Procedures for an employee to obtain LPR through employment often are complicated. We suggest you read our LPR information page for a brief introduction and also the web pages of United States Citizenship and Immigration Services (USCIS). The USCIS website has extensive information. The following are Clemson University's policy guidelines for Clemson-sponsored LPR petitions.
Revised January 2009
University Sponsored Labor Certification Application: To be in compliance with federal regulations, Clemson University requires that the hiring department pay all costs associated with the filing of University Sponsored Permanent Labor Certification Applications, ETA-9089 for all employees.
Tenured and Tenure-track Faculty: For tenured and tenure-track international faculty, the hiring department will provide up to $5,000.00 to support the permanent residency application process. Only one of the immigration attorney(s) designated by Clemson University and approved by the South Carolina Attorney General's office can be used for this purpose. A list of University approved attorneys can be found below.
Non-Tenured and Non-Tenure-Track Faculty: For non-tenured or non-tenure-track faculty positions, there is no expectation that the hiring department will pay legal fees. The department may choose to offer a taxable bonus up to $5,000.00 to be paid to the faculty member, minus the costs associated with preparing and filing Permanent Labor Certification Application, to help defray costs associated with the process. If the hiring department pays for any portion of the permanent residency process, an attorney designated by Clemson University must be used.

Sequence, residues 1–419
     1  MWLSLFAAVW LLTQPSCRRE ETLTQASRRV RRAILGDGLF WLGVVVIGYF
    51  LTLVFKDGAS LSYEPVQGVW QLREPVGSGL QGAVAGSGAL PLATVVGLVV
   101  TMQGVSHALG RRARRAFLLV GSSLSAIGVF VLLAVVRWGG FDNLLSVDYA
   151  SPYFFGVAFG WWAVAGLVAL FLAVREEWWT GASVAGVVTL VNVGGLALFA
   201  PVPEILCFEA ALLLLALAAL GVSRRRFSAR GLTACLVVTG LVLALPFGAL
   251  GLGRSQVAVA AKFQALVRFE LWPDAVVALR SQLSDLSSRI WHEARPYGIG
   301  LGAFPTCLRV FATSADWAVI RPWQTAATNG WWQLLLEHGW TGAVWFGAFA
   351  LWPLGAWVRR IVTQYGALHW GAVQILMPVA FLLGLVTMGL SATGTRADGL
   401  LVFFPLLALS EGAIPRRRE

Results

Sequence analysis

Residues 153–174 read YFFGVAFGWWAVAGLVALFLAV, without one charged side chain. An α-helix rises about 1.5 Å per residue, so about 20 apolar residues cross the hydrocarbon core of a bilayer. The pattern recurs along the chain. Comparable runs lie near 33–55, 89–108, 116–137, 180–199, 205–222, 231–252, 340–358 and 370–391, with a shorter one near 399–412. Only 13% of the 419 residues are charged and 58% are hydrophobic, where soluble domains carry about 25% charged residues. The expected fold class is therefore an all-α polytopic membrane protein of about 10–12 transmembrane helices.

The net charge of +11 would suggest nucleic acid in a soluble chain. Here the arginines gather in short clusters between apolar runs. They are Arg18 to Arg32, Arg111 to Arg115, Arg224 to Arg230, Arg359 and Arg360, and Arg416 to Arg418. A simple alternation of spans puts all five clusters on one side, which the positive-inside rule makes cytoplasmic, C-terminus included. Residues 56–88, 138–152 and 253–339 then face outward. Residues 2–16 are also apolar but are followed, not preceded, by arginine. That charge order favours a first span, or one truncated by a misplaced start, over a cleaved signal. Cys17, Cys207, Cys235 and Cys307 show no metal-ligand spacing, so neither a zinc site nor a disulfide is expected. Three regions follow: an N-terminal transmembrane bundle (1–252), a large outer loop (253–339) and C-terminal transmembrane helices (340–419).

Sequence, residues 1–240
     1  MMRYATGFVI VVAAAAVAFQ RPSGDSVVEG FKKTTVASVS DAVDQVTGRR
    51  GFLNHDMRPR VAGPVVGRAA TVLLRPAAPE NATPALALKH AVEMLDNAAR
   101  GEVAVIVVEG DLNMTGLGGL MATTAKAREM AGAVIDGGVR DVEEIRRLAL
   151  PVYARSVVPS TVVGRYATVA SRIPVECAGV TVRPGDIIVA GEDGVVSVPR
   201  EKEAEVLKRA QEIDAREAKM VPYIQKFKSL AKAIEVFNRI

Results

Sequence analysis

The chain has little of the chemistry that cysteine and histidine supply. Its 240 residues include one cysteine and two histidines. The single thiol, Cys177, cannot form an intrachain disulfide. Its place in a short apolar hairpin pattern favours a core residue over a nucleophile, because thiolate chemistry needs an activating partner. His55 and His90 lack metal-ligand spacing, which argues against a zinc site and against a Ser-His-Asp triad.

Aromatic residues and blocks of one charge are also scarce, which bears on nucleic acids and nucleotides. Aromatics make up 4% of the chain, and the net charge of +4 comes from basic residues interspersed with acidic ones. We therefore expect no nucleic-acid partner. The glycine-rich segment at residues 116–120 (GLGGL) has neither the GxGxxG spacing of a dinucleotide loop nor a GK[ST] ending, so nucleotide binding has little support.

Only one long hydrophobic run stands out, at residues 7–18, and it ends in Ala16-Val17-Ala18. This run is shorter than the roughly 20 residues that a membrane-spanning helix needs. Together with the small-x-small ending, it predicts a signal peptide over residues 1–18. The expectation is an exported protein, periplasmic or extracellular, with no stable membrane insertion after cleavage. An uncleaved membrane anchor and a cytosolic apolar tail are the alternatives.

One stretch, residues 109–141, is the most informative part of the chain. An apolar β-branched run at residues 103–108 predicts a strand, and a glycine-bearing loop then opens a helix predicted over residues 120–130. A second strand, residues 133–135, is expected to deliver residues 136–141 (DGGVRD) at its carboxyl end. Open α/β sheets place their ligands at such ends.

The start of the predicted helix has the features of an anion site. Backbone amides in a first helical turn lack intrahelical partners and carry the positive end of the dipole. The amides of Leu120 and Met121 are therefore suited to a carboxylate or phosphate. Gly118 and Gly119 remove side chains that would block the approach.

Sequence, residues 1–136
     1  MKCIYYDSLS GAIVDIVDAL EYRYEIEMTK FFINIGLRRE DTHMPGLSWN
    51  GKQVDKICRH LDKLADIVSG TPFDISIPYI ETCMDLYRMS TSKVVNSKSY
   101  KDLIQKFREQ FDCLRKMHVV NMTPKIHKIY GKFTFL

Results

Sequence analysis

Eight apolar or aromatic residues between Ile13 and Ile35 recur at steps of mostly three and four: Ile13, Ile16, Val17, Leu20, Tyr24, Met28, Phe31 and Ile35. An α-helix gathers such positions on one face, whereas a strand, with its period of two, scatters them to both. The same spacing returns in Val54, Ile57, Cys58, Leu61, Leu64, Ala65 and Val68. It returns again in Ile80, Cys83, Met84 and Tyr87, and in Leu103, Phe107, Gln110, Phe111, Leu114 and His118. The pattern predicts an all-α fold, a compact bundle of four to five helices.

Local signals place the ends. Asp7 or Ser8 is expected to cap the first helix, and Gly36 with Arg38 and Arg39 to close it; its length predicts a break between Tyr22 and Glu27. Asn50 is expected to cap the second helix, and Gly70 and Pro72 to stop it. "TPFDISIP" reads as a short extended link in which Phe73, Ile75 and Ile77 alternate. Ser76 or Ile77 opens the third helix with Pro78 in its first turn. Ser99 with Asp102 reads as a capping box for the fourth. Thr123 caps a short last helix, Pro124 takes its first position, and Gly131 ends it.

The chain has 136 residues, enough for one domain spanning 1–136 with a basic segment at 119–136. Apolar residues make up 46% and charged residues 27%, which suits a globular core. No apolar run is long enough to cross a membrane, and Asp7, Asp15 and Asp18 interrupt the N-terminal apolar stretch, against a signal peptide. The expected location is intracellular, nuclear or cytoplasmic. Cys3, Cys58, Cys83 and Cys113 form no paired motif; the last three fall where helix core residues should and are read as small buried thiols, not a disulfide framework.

Sponsorship with No Payment: If an employee is paying all costs associated with the permanent residency application process (labor certification is not required), Clemson University may sponsor the employee for lawful permanent residence. In that case, please contact IS for detailed information.
Payment of Legal Fees by Clemson University: If an attorney designated by Clemson University must be used or is used, the attorney will invoice the University through the General Counsel's Office and the Office of International Affairs will invoice the hiring department and make payment to the attorney. The department must fill out Form IS-450 and submit it to IS at the Office of International Affairs before any payments will be approved.
Authorized Immigration Attorneys: If a payment from Clemson University is involved, one must use one of the following immigration attorneys approved by the South Carolina Attorney General's Office to represent Clemson University in immigration cases.
Lawrence J. Needle, P.A.
P.O. Box 924
339 Heyward Street
Columbia, SC 29202
Garrett D. Steck
Haynsworth Sinkler Boyd P.A.
75 Beattie Place, 11th Floor
Greenville, SC 29601
Weinstock Immigration Lawyers
200 Ashford Center North, Suite 220
Atlanta, GA 30338
Signature Authority: The International Services office is the only Clemson University office authorized to sign any immigration documents on behalf of Clemson University.